We don't tend to think of Penzance as a beach, but under the promenade wall there's a beach during much of the day, and its darker sand means that the sea often feels a touch warmer. There's good swimming off Battery Rocks behind the lido, and people meet there early every morning to swim to decorated markers out in the bay. 

There's an annual charity race from Newlyn Green to the Jubilee Pool 1,300 meters away, entered into by several hundreds of swimmers every year. It's on the last Friday in August.

Porthcurno and Porth Chapel

One of Cornwall's jewels, Porthcurno has soft white sand, a turquoise sea, and it's protected by high cliffs from the winds that whip the west facing beaches. Porthcurno is popular and can get very busy, but go on a sunny week day out of the school holiday sand you'll think you've landed in paradise.

The Minack Theatre is just above the beach, and is the best place to see the splendour of this world wide favourite. Summer dog ban. Lifeguard. Car park. Café and toilets.

Porth Chapel is another beautiful secluded beach that's quiet most of the year just beyond Porthcurno past the Minnack, often with just a few local families who are in the know. 

Port Chapel is a short walk from the car park behind St Levan Church, but a difficult climb down the last part of the cliff. It's south facing, good to swim from, and a joy to find. Dog friendly. No Facilities. From Porthcurno drive towards, and then past the Minack to the very end of the lane. Car park behind the delightful St Levan Church.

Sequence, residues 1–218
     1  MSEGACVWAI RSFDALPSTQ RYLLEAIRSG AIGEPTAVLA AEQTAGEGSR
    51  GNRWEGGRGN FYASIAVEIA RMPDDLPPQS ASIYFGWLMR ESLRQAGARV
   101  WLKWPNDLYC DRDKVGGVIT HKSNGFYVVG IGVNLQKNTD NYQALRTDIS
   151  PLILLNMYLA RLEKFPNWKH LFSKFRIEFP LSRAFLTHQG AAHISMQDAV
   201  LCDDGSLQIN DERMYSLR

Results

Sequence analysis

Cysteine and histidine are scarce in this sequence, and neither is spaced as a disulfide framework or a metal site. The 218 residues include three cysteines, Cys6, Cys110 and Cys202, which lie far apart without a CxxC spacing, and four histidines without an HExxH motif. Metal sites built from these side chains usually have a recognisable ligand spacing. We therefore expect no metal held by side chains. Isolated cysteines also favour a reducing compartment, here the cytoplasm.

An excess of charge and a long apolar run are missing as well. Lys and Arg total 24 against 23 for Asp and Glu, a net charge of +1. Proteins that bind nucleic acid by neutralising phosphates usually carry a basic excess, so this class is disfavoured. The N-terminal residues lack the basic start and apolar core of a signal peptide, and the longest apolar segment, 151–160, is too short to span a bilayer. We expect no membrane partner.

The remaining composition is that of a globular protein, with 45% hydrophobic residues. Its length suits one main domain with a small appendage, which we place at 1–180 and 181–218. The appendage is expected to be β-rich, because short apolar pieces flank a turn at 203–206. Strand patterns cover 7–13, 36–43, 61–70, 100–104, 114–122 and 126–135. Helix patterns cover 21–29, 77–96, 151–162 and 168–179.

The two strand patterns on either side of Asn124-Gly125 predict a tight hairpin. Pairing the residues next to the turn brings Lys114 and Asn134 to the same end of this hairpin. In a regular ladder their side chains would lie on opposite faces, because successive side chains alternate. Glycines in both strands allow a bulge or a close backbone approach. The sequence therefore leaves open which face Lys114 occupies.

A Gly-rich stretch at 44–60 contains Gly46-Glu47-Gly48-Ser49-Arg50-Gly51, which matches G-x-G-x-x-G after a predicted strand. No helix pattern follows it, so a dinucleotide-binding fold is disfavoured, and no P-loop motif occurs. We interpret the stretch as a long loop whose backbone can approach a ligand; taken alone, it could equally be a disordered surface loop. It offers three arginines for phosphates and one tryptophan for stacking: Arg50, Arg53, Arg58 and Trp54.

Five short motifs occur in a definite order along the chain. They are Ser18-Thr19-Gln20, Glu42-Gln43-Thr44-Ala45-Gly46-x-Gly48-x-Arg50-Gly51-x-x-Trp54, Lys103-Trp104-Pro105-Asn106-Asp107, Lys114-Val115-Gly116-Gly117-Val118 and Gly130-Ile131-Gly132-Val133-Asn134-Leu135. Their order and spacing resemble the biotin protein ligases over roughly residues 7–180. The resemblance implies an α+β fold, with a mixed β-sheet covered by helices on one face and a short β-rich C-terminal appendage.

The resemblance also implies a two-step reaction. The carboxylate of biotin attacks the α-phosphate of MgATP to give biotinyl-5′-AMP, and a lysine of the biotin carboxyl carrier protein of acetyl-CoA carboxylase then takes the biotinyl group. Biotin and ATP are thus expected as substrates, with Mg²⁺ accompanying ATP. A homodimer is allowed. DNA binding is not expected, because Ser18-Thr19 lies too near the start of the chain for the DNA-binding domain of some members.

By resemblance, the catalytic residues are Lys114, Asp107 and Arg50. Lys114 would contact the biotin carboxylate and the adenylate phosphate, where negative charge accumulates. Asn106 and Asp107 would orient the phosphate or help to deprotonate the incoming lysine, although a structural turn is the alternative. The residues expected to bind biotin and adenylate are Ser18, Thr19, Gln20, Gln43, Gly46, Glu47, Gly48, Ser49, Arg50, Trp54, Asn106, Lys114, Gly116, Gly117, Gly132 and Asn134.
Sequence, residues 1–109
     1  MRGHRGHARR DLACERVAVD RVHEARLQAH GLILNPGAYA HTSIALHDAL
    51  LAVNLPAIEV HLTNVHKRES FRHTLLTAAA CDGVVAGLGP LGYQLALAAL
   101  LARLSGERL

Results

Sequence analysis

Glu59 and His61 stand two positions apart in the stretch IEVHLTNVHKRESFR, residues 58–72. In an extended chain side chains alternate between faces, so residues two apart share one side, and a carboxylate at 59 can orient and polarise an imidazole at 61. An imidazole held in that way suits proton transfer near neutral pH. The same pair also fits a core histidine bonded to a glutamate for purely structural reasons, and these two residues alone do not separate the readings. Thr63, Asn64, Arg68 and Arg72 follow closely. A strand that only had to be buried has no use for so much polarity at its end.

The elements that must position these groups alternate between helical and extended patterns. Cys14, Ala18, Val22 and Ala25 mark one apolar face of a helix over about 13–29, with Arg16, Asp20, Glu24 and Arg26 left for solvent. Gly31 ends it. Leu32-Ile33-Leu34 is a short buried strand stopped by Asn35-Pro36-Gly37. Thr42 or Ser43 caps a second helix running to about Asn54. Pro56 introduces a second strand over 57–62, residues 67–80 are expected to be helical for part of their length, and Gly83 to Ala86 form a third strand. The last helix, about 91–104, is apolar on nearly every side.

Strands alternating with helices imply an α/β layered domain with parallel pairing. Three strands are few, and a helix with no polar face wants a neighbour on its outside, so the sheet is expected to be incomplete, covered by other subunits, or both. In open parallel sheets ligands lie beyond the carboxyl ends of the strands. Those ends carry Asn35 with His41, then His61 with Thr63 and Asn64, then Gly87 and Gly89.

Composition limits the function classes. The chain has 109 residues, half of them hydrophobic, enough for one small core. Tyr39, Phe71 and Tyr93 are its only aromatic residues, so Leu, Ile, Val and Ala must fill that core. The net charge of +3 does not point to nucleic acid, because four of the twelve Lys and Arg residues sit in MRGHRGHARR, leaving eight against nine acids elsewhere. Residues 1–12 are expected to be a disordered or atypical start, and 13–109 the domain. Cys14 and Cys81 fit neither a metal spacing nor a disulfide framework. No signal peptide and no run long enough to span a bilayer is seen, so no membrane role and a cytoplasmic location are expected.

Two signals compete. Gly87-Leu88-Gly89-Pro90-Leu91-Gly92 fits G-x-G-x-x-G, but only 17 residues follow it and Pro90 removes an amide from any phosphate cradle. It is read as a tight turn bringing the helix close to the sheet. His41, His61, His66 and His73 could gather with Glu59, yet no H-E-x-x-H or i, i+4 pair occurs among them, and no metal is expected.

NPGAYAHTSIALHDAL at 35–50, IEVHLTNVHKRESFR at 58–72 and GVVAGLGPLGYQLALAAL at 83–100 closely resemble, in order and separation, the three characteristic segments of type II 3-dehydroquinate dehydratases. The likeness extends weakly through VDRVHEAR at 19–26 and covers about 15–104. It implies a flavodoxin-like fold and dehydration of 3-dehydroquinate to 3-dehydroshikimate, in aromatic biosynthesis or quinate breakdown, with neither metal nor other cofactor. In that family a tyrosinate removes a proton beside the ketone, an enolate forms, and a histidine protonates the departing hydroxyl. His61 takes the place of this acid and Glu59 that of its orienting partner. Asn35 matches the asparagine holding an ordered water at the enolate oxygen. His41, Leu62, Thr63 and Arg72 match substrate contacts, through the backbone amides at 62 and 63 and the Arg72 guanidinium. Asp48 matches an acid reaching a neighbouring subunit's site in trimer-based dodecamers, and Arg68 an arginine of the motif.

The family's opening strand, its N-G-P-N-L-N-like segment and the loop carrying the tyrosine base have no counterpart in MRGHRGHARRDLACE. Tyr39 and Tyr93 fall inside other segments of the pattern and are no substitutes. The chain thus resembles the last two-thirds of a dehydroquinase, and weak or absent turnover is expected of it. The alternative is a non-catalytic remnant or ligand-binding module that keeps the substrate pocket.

Portheras and Boat Cove

Potheras is a stunning and fairly hidden beach. It really is a local's beach. There are no signs, and even once you've found the rough field car park it's still a clamber to get there. But it's worth it, the sand is fine and generally clean. We often see seals bobbing about here. Boat Cove is usually a slip way for small fishing boats, but over the last couple of years it has been a very small, secret sandy beach.

Dog friendly. No facilities, but most things in Pendeen above. Park at Pendeen Watch, or in the field in Rose Valley signposted off the Pendeen to Morvah road.

Treen. Pedn Vounder

Often named as one of the world's best beaches and our ultimate favourite. Pedn Vounder is simply stunning. Crystal clear water, clean, coarse sand, a dramatic cliff backdrop, and the Logan Rock headland off to the east.

Getting to Pedn Vounder isn't easy (there's a theme to this list, don't you think?), and it's not for anyone with mobility problems, or children, or less than agile dogs. At low tide you can walk across from Porthcurno – but if you do be wary, the tide is only low enough for a couple of hours and the climbing alternative is a challenge.

The curious Cornish word Pedn means headland, in the same way as the simpler Pen or Penzance.

Park at Treen where the Logan Rock pub is worth a visit, and follow signs for the cliff path, taking the right option, then looking out for a small path dropping down to your right.

Of all the beaches in this section this is the hardest to get to and the most rewarding.

No facilities. Clothing optional.

St Ives

With its nine beaches St Ives is a beachgoers delight. Busy in summer, but there's a beach for everyone. There's the wide open surf beach of Porthmeor with the Tate Gallery as a back drop, the north east facing Porthminster with the excellent, if expensive, beach café, and many smaller beaches. For their names alone check out Porth Kidney and Lambeth Walk (there's not much there).